By James Burns, Modesto Bee
MODESTO, Calif. - The Modesto Junior College women’s golf program is no stranger to success.
In the last decade, the Pirates have been regular entrants at the California Community College Athletic Association state championship.
Under coaches Milan Motroni and Dana Ebster, Modesto Junior College, a program powered by local talent, has qualified for the two-day state championship in five of the last six years.
They’ve never finished better than fourth, though, finishes that haunt Motroni.
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How does “No. 1” sound?
Relying on their experience and balance, the Pirates stunned the eight-team field at Morro Bay Golf Course, becoming the first women’s team in school history to win a state title.
Modesto Junior College carded a two-day total of 633, edging Big 8 Conference rival and defending state champion Sierra College of Rocklin (637). Santa Barbara City College (641) was third.
Sierra’s Nao Bando was the medalist with a 3-under 141.
“The journey with these girls, I always knew they had it in them,” Motroni said. “Consistently, all season long, we were finishing second and third at everything. The words of the day between myself and my assistant coach were ‘patience’ and ‘trust.’
“Everything came together at the state championship. It was two days worth of golf and you have to be focused to finish on top.”
The Pirates had finished second to Sierra at the conference and Northern California tournaments. At each event, MJC had to rally into second position on the final day.
“We’ve had a good rivalry over the years,” Motroni said. “Three or four years ago, Sierra was behind us. It’s been back and forth over the years. After the last conference tournament, the girls were on an upswing. They were all shooting well together. Usually, you’ll have a few girls shooting well and the others not so well. For all of them to play well at once, that really helped.”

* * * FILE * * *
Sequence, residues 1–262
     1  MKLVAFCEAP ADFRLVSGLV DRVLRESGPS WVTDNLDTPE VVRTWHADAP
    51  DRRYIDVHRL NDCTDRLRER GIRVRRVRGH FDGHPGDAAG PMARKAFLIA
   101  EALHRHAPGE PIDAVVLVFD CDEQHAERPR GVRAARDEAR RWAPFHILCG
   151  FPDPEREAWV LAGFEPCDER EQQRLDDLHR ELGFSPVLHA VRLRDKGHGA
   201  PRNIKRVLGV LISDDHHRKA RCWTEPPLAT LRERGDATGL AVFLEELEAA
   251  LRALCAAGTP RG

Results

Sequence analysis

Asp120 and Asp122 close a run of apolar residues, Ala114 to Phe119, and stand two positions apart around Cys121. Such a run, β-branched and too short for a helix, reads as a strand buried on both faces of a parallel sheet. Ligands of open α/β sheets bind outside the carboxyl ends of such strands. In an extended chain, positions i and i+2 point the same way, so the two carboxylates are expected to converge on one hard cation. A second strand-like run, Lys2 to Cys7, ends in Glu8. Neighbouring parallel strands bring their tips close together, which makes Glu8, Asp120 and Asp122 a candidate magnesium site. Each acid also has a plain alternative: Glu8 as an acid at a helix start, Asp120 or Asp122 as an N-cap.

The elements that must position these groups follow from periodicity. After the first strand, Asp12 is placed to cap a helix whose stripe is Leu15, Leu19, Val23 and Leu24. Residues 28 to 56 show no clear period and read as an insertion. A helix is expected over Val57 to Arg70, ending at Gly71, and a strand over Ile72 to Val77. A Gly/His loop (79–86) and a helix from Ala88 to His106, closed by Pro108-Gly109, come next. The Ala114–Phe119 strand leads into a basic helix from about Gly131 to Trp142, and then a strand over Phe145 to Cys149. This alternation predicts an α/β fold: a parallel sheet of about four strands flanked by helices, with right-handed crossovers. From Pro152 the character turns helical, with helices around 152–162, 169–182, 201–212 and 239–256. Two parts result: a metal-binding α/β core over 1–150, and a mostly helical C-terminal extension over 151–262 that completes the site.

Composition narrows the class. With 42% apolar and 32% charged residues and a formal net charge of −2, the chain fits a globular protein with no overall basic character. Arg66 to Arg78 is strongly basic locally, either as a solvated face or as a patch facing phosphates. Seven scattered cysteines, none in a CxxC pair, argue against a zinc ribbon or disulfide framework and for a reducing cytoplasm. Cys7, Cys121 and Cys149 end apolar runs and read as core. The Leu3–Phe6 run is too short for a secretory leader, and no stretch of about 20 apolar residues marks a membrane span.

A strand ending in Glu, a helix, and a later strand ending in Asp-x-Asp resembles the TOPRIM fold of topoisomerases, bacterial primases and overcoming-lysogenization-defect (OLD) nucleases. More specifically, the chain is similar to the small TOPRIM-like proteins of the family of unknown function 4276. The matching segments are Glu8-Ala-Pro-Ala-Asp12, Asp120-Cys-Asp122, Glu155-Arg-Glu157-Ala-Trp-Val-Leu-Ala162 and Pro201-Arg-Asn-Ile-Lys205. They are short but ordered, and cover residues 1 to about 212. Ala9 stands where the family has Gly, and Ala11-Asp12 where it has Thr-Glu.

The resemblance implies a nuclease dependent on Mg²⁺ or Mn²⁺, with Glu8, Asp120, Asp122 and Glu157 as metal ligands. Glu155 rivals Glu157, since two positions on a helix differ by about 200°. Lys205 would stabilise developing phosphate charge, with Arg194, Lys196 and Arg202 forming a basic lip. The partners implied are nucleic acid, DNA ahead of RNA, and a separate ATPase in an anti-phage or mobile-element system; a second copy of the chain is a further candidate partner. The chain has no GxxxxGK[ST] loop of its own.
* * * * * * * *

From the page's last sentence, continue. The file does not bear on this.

Sophomore Janita Vongphoumy carried the torch for Modesto Junior College. The Central Valley High product shot 74-75 for a team-best 149.
Sophomore Brooke Vierra of Turlock High (80-77) and freshman Alyse Padilla of Enochs (80-77) shot matching 157s, while sophomore Shawna Ratto of Ripon High (82-88) rounded out the scoring with a 170.
Brianna Youngman of Turlock (90-90) and Kylie Takata (91-96) also competed, but only the top-four scores counted toward the team score.
With five sophomores, Motroni said experience played a major role in the Pirates’ history-making feat. The players fed off another, especially in the postseason, and turned in their most complete performance at Morro Bay, a course they were familiar with.
Modesto Junior College played the par-72 track during a preseason tournament and spent extra time on the putting green before state.
Between practice and tournament play, Motroni said her team had at least eight rounds to build a book on Morro Bay.
“These girls came together all at once as a team and finished on top,” Motroni said. “We’ve had some good teams throughout the years, but this one pushed forth and really worked together. It all came to fruition.”
The future is bright, too.
Motroni has surveyed the local high school golf scene. She is confident she can replace the five sophomores and make another run at state.
“There are some local recruits that we have been in contact with. They definitely have the potential to bring us back to state,” Motroni said. “Every year is different, but we’ve been lucky that there is a lot of local talent that we can choose from.”
MJC Athletic Director Nick Stavrianoudakis is excited by the ripple effect created by women’s golf and football. The strides those two programs have made in the last few years, he says, has infused the department with confidence.
Last fall, the football team won its first outright title in a Tier 1 league since 1980, advancing to a Northern California semifinal for the first time in school history. It followed that milestone with a 74-41 victory over Diablo Valley College in Saturday’s Gridiron Classic.
“It elevates MJC’s presence in the community college athletic world,” Stavrianoudakis said. “We typically have a lot of good teams. In recent history – not just with the women’s golf team but also with football – when we get into the playoffs or these championship settings, we’re not intimidated anymore. They feel they can compete with any team, and they’re showing it and proving it.”